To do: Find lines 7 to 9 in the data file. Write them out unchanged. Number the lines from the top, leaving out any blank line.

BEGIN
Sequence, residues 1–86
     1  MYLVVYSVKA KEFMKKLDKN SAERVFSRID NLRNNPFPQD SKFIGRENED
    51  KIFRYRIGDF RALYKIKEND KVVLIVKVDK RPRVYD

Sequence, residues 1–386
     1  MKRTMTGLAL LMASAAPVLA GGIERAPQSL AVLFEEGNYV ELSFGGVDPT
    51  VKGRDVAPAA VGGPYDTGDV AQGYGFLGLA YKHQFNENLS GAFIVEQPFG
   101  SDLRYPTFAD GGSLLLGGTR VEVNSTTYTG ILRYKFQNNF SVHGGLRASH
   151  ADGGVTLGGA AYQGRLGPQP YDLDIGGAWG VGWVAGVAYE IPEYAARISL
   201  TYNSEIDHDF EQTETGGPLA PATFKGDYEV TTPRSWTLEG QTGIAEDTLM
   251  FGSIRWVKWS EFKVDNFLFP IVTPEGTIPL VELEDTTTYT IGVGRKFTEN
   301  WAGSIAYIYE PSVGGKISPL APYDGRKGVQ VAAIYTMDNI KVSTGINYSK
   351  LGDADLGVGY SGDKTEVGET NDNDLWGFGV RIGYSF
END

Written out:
   101  SDLRYPTFAD GGSLLLGGTR VEVNSTTYTG ILRYKFQNNF SVHGGLRASH
   151  ADGGVTLGGA AYQGRLGPQP YDLDIGGAWG VGWVAGVAYE IPEYAARISL
   201  TYNSEIDHDF EQTETGGPLA PATFKGDYEV TTPRSWTLEG QTGIAEDTLM